It is a daunting time when you realize that you are no longer able to make your mortgage payments. After a late period, the bank that provided or currently holds your mortgage loan will contact you to collect any past due payments. Do not ignore these calls, always speak to your mortgage servicer and keep an open dialog. Your Lender may be willing to work with you if you have missed a payment, but it is prudent that you contact your Lender/Bank immediately to explain why you have been unable to make your payments. They may be willing to afford you some options for repayment or start a modification of the loan. At this stage, after your missed payment(s), you are considered to be in “pre-foreclosure” you have defaulted on your loan, but there is no action pending. If you are in need of a modification but don’t understand the complicated process, a K/S attorney may be able to assist you. Perhaps you don’t want to deal with your Bank on your own, if you contact K/S Law we offer several services for homeowners seeking a modification of their mortgage.
If you were unable to come to a resolution with your Bank/Lender, or you were unable to make payments, you will be sent a Notice of Default as required in your mortgage. It is important that if you do not understand what is in the letter to contact us at K/S Law so we may help you understand what may be the proper course of action. Your Bank/Lender may or may not have started the foreclosure process, so it is very important to contact us if you have received a Notice of Default. Even after being sent the Notice of Default, you are still in “pre-foreclosure” and still able to receive a modification, depending on what programs your Bank/Lender participates in and their eligibility requirements.
Next your Lender will file a Lis Pendens (LP) with the county records in which your house is located. The purpose of filing the LP is to put the world on notice, so to speak, that there is a problem with the title of your house. This is a crucial step in the foreclosure process. After the LP is filed, your Lender will file a Complaint.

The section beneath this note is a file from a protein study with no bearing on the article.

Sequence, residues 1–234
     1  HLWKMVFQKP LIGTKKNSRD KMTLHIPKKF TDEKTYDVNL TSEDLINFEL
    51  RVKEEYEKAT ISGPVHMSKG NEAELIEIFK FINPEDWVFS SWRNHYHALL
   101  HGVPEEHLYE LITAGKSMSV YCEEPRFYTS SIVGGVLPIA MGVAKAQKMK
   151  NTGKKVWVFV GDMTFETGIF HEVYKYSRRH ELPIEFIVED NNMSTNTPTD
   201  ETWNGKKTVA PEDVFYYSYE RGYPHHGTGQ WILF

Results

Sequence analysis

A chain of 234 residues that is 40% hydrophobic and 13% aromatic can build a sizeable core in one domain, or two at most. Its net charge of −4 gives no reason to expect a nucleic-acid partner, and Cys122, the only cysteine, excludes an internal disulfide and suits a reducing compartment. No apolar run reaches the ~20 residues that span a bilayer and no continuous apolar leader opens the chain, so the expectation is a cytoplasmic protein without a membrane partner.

Lenders try and make the foreclosure process as short as possible, in Florida the timeframe they shoot for is approximately 120 from the complaint being filed in court to the sale of the forclosed property. Shortly after a Complaint is filed in court you will be “served” with legal documents; which are very important. In this packet will be a Summons, a copy of the Complaint, a copy of your original mortgage, and a copy of your original note (or a Lost Note Count). Once you have been served these papers, you then will have 20 days to answer.
Do not avoid service or ignore the Complaint! This will not help you in this process, conversely, you will be helping your Lender take your home without making them prove that they are entitled to do so. If you ignore the Complaint you are telling the bank that you give up, and handing your home over to them. The lender may not be entitled to foreclosure because of misrepresentations at your closing, fraudulent paperwork or deceptive practices. At this point, we cannot stress enough how important it is for you to contact us for legal representation. Your lender has a lawyer you should have someone who can protect and defend your rights!
Next your Lender will push for a judgment on the Complaint. The reason for this is they are attempting to recoup the property for auction. All throughout this process, the title to your home is in your name. In laymen’s terms, the process of foreclosure is the Lender is attempting to take the title to your home away from you based on the defaulted mortgage/promissory note agreement. It is important to remember that interest and penalties continue to increase during the foreclosure process. You may also be responsible for your Lender’s attorney’s fees unless you have an experienced attorney defending your rights.
Finally, a judgment will be filed with the court. If it’s not favorable to you, your property will be appraised for its value and set to auction. Having legal representation or assistance will be extremely important so you can navigate your options.
The auction will take place, and the court will name the highest bidder, typically your lender. In Florida, you have ten days after the sale of your home to redeem your property or object to the sale, before the certificate of title transfers to your Lender. After the redemption period has passed, the certificate of title will pass to the purchaser and the foreclosure process is over. At this point, you will be contacted by the Sheriff. It is very important to know that only the Sheriff is allowed to remove you from the property.
You have several options other than foreclosure, and you deserve attorneys who know the Florida foreclosure process to assist you navigate and negotiate with your Lender. Contact KS Law today! Contact us today for a consultation! Being proactive is the first step in saving your home.
We Offer Foreclosure Defense In Boca Raton.